Another advantage of diesel electric is stored energy. When you do " A COSTA" it might be significant
     
  8. DCockey
    Joined: Oct 2009
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    DCockey Senior Member

    It probably would aerate the prop. But with an electric motor which is speed controlled that shouldn't be a problem for the motor because it won't overspeed.

    What is you "SOR" for the mechanical propulsion? What kind of seas do you want to be able to motor into at what speed?
     
  9. CatBuilder

    CatBuilder Previous Member

    The boat should be able to motor into seas just like you see in that video at 0:31 without slip. The problem would be a loss of forward momentum with slip, not so much an over revving problem.

    The forward speed would be whatever the motors are capable of, with 8 knots to be a good speed.

    This is a sailing machine with auxiliary propulsion to motor places at 6-8 knots or so.
     
  10. michael pierzga
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    michael pierzga Senior Member

    What is the problem with normal shafts ?
     
  11. CatBuilder

    CatBuilder Previous Member

    Too much drag. See SOR, "Props must lift out of water when not in use."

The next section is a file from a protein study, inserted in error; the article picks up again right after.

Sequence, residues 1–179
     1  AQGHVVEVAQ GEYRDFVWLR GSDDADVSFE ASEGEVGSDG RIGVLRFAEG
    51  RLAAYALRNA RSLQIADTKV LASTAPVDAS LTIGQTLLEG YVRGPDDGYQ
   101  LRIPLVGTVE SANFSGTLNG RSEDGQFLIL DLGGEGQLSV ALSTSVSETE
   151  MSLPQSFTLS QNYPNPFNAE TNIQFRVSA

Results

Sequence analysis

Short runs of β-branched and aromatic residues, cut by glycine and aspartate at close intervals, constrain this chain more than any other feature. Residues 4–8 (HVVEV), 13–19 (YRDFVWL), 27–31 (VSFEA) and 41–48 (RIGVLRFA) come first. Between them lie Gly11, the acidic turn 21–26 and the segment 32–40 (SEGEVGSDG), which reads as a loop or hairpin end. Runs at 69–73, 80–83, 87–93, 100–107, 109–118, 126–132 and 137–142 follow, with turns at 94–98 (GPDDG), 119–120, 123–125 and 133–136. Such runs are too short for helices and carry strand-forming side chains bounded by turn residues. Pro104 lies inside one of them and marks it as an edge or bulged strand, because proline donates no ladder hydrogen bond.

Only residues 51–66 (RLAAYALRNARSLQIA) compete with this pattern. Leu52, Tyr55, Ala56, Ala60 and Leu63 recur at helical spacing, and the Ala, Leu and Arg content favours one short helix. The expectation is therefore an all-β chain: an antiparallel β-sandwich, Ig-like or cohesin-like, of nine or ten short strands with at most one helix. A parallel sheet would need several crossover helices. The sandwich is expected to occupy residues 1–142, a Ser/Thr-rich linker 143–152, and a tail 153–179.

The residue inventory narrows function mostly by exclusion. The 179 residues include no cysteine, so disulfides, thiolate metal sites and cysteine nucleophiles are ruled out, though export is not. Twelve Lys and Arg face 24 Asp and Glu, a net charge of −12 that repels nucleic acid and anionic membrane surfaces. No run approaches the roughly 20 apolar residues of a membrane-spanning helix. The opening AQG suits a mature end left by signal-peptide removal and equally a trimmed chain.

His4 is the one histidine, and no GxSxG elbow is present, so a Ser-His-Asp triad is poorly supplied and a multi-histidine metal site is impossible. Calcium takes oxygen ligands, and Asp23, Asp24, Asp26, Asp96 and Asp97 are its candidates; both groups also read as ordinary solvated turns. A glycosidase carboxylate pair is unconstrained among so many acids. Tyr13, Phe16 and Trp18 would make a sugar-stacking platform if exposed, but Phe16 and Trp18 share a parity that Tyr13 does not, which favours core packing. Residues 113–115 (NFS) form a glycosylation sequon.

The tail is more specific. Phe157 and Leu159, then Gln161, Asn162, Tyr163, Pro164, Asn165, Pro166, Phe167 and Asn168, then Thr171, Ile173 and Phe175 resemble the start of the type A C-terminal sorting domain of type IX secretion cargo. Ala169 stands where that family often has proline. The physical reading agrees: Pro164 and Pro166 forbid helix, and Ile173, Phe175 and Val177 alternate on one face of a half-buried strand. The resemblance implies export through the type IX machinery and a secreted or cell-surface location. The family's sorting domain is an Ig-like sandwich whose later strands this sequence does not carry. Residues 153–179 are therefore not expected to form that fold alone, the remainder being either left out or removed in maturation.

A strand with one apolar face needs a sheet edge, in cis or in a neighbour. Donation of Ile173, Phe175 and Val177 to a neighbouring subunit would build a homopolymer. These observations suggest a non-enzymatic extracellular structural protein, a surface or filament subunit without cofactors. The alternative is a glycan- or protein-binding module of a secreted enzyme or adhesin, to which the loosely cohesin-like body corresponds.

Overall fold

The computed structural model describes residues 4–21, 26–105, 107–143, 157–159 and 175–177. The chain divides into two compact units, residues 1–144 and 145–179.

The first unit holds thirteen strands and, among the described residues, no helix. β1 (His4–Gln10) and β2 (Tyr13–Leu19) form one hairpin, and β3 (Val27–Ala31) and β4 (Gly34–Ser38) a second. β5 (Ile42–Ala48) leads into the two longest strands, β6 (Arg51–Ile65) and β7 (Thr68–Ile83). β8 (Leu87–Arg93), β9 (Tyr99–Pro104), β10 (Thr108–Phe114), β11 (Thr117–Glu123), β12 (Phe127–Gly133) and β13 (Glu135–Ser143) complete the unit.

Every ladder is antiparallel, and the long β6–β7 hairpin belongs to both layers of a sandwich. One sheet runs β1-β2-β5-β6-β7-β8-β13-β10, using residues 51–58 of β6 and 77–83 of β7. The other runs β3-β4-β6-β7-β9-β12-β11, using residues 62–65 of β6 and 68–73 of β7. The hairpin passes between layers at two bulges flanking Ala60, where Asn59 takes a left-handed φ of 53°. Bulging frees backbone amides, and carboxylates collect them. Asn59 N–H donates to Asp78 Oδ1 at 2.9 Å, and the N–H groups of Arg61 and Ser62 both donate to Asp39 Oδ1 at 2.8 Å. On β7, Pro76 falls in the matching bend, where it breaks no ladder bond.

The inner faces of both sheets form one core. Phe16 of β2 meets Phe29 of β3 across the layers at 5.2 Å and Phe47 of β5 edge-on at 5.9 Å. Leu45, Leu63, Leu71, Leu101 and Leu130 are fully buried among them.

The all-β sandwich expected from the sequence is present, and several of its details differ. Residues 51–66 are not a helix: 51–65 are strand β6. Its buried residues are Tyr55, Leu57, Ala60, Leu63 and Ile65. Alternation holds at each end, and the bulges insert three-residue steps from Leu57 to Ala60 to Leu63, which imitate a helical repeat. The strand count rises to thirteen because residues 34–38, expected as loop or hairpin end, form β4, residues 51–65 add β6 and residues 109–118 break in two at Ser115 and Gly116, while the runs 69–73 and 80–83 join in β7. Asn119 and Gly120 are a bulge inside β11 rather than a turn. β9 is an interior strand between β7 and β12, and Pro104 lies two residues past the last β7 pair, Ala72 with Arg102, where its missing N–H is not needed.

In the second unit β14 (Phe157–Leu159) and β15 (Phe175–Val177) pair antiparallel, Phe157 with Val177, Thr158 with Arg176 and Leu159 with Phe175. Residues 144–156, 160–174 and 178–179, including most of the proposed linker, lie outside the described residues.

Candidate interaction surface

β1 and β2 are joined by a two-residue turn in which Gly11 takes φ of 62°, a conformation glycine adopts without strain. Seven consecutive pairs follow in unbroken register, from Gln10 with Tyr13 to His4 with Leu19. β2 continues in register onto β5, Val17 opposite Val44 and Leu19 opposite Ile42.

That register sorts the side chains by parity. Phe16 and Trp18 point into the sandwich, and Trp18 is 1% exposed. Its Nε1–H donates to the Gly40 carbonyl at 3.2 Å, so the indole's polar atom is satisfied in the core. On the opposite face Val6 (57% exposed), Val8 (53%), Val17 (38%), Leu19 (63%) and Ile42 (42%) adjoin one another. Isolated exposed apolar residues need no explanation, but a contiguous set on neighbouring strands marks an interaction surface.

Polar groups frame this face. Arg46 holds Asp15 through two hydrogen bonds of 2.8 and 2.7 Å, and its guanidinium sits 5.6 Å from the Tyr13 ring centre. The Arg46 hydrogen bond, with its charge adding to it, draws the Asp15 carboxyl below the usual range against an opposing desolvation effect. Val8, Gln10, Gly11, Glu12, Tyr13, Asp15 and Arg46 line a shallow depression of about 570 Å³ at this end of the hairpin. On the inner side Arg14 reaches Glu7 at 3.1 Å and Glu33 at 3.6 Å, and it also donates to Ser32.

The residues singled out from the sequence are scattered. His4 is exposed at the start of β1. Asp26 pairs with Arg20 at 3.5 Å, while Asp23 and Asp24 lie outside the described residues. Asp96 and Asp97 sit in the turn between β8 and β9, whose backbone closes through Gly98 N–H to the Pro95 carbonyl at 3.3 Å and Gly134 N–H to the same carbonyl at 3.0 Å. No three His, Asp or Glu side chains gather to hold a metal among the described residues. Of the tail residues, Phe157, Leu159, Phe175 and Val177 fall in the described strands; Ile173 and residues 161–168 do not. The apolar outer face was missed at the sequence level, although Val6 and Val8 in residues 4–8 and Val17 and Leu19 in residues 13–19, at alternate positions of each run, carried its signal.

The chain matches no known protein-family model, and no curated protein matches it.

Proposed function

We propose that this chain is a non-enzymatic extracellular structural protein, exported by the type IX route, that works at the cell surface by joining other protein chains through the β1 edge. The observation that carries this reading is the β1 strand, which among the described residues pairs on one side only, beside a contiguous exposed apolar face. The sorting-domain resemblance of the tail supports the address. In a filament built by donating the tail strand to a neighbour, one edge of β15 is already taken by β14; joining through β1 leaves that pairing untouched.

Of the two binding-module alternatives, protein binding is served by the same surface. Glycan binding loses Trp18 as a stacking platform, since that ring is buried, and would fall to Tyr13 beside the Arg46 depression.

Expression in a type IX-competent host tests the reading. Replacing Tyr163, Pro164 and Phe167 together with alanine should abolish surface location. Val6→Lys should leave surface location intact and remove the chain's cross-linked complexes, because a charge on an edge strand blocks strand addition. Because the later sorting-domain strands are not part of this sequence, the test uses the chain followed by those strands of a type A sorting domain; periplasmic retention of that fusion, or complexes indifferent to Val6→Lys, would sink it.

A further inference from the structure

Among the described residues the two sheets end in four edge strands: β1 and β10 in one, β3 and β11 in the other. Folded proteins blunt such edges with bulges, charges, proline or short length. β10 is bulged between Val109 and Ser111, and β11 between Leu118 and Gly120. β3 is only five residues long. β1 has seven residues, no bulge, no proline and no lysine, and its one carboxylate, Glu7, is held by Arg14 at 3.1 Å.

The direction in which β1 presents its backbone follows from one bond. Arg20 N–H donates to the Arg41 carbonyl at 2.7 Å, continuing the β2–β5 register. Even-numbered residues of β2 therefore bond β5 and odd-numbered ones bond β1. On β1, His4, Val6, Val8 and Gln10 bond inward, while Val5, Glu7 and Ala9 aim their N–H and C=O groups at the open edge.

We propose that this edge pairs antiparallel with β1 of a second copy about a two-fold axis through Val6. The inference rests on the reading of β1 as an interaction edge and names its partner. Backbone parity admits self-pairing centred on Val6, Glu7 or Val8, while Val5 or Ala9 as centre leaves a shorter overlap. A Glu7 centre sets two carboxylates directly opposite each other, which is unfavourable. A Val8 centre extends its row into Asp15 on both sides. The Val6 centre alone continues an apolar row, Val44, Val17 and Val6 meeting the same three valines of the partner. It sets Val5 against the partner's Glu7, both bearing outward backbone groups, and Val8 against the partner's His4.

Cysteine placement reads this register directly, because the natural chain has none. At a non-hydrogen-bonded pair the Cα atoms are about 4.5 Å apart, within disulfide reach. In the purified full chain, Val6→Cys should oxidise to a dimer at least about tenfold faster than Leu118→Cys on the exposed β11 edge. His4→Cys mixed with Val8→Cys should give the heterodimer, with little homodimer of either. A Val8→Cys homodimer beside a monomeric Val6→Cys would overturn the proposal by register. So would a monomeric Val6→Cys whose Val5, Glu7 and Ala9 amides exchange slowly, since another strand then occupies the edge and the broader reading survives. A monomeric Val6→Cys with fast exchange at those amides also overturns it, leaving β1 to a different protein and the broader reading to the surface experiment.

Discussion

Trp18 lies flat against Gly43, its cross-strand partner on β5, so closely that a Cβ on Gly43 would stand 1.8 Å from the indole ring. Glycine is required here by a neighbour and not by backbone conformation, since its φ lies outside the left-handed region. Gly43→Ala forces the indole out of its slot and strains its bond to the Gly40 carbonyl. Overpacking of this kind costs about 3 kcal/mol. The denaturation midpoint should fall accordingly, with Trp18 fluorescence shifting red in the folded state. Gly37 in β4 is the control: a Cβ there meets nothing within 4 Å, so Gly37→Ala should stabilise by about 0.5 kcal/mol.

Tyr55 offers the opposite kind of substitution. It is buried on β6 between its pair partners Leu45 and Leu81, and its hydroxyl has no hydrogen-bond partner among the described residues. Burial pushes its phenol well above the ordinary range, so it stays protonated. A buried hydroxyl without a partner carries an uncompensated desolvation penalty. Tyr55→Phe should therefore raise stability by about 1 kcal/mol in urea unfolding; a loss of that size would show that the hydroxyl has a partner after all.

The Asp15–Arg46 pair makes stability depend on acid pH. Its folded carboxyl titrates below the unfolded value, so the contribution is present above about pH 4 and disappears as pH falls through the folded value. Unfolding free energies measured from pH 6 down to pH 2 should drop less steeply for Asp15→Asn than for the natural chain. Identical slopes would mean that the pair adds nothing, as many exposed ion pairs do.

It might also say, "No junk under the boat"
     
  12. DCockey
    Joined: Oct 2009
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    DCockey Senior Member

    All propellers slip when producing thrust. I assume you mean not aerate.

    How deep does the propellers need to be to remain submerged in that sort of seas? Looks to me be be 4 or 5 feet if mounted at the stern. Moving the props under the hulls reduces the required depth but makes it much more difficult to retract the props efficiently.

    From your other posts it appears that cost is a significant factor.

    A SOR needs to be balanced and feasible, and may require some compromises/tradeoffs from the initial wish list. If there doesn't appear to be a feasible design which meets all of the SOR then it may be necessary to modify the SOR. Developing a final SOR is usually an iterative process if the envelope is being pushed.
     
  13. CatBuilder

    CatBuilder Previous Member

    And yes, this is pushing the envelope. You have reasoned out a fact I knew from experience - props go foward to motor in a rough chop. Excellet. You figured that out very quickly.

    The sor doesn't mention cost at all, because it's not a huge factor. Weight and performance are the factors.
     
  14. DCockey
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    DCockey Senior Member

    Can you mount the drive system from the bridge deck considerably forward of the stern?

    What are the available mechanical design and engineering capabilities? Does the mechanical portion of the system need to be completely or mostly "off-the-shelf" parts? What are the available mechanical fabrication capabilities?
     

  15. WestVanHan
    Joined: Aug 2009
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    WestVanHan Not a Senior Member

    I was on a Gunboat in Florida...all I can say is wow.

    The HP thing has been gone over before..cars need 5-10 hp to go down the road,but need the 200hp for acceleration and going up hills.

    Generally aircooled 20 hp DC motors used in EVs should be about 50 pounds but can go way up depending on type.